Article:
In 1885 New Mexico, there lives a modern fantasy of a frontier woman, Maggie Gilkeson (Cate Blanchett). She's a no-nonsense single mom, a rancher and a healer. She keeps a hunky lover whom she makes sleep in the barn for the sake of her children's delicate sensibilities. (Just where was this Wild West anyhow?)
And lo one evening her deadbeat dad, Samuel Jones (Tommy Lee Jones), turns up. Decades ago, he ran off to join the Apaches and now he's back, with crazy hair extensions and a new Indian name. Maggie's miffed -- not so much as a Christmas card in all these years. Still, she patches up his chest ache (could it be a broken heart?) and orders him off her property by dawn. But when her teen-age daughter Lilly is kidnapped by Indians the very next day, it's a lucky break that her otherwise worthless poppa is a pretty good tracker. So, off they go -- Jones, Gilkeson and her spunky other daughter, Dot -- on an utterly predictable journey to rescue poor Lilly and spend some time "healing as a family."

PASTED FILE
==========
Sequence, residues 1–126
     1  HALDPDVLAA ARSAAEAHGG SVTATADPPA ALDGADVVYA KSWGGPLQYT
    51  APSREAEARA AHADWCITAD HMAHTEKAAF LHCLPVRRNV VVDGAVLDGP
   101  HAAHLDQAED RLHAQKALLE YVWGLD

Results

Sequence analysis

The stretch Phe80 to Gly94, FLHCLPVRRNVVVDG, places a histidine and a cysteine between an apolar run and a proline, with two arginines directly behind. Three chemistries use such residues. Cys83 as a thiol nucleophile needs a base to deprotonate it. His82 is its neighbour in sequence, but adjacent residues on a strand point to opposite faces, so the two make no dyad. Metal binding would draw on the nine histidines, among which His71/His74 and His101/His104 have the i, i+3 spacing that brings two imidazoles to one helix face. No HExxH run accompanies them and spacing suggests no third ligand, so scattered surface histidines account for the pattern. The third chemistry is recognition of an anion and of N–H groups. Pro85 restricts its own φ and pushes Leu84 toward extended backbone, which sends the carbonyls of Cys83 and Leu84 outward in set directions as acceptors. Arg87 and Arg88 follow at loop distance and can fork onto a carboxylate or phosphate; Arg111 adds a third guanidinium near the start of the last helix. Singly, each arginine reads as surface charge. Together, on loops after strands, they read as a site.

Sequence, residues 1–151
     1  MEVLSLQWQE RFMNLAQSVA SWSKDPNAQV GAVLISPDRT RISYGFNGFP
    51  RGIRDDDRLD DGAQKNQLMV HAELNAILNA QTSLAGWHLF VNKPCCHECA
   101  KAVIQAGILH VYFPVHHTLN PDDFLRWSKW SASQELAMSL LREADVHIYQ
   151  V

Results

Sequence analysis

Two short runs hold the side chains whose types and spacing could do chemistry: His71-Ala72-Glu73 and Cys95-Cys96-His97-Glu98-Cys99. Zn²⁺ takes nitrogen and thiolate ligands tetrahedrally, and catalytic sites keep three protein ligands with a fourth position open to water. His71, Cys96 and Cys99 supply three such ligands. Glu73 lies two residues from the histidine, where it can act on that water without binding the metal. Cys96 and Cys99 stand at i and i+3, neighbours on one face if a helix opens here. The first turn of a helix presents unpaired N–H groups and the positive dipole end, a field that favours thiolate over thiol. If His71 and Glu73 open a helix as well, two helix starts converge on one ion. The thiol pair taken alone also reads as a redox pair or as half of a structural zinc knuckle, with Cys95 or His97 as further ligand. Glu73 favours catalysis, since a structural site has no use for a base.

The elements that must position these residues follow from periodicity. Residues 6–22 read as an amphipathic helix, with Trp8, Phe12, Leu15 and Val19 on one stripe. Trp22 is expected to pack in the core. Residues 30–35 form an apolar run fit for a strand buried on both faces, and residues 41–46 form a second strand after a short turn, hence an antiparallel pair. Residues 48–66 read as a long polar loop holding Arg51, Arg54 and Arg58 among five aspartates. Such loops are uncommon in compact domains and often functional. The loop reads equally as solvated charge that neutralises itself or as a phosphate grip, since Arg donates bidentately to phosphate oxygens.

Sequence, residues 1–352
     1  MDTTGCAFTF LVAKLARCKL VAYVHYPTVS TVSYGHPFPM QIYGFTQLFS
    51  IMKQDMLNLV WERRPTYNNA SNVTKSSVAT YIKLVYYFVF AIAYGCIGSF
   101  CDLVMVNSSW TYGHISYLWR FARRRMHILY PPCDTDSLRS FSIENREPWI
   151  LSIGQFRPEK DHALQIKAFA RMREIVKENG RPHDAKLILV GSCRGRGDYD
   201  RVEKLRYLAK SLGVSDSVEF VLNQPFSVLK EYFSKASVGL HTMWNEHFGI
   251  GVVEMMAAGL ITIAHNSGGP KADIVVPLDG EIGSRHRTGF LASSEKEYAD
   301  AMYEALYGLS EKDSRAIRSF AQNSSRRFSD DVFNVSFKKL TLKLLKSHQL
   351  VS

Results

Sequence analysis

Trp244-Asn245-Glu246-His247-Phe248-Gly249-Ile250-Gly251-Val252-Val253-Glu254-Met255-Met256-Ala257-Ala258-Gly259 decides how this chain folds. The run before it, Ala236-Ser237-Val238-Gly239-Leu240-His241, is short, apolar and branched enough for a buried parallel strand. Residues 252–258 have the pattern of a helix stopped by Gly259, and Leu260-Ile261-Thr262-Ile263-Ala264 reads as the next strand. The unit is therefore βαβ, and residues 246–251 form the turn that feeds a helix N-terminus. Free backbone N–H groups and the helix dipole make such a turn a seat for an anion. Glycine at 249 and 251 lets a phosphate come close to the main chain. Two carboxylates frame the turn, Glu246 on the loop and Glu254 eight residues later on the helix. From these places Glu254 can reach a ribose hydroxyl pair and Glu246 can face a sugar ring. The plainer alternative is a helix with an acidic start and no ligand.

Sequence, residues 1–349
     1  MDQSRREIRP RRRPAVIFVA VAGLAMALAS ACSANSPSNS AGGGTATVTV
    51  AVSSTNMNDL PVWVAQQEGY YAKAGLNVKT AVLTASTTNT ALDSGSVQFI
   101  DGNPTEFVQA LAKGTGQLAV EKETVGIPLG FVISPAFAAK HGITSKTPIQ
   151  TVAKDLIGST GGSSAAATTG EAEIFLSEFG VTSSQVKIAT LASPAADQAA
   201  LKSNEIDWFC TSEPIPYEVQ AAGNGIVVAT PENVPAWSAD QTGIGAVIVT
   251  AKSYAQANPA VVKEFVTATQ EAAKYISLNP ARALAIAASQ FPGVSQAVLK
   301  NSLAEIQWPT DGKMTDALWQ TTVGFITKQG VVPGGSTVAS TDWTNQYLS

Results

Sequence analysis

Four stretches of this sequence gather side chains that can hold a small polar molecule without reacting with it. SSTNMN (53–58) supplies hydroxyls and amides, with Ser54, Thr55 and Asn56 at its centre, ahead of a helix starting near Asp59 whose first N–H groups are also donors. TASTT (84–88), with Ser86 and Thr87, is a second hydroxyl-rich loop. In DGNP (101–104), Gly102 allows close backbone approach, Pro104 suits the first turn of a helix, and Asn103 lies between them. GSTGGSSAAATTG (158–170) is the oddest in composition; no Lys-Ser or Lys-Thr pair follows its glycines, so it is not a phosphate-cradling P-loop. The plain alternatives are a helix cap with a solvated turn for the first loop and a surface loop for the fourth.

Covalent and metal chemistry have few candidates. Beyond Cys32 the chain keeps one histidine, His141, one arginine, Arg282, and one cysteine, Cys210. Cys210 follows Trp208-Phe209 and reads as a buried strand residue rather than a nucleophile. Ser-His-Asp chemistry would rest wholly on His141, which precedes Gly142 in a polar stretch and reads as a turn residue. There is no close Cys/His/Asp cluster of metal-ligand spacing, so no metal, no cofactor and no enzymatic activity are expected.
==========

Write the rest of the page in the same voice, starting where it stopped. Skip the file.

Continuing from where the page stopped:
Such predictability is the biggest problem with director Ron Howard's revisionist Western based on a novel by Thomas Eidson (Presumably any narrative similarities to John Ford's masterful 1956 film The Searchers -- about an outcast family member returning to restore domestic harmony -- are entirely coincidental.)
And because everything old is new again, this film reaches back to old-school Westerns in one curious way: Howard hyper-demonizes Lilly's kidnapper, the Indian Pesh-Chidin (Eric Schweig) -- though maybe it's just to make the chilly bad-dad Jones look better by comparison. But, as if abducting a child isn't bad enough, the film stresses that Pesh-Chidin kidnaps white teen-age girls to sell as sex slaves to Mexicans; his face is brutally scarred; he has a nasty nickname, "Brujo," that means witch; and he wears a freaky necklace made from daguerreotypes of his victims. He is, in the parlance of earlier Westerns, one bad Injun yessir.
But Howard is nothing if not a cautious and politically correct director, so naturally our fractured little family is aided by good family-oriented Indians. Jones is portrayed as "in" with the Apaches, though it's never satisfactorily explained why he went native. And their name for him -- which translates as "shit for luck" -- seems to indicate the affection may not be quite as mutual as he reckons.
So, in all, it's what you'd expect: Blanchett is fierce, Jones is taciturn, James Horner's score is sweepingly maudlin, Howard's direction is competent but dull -- and the white guys smack the bad Indians down.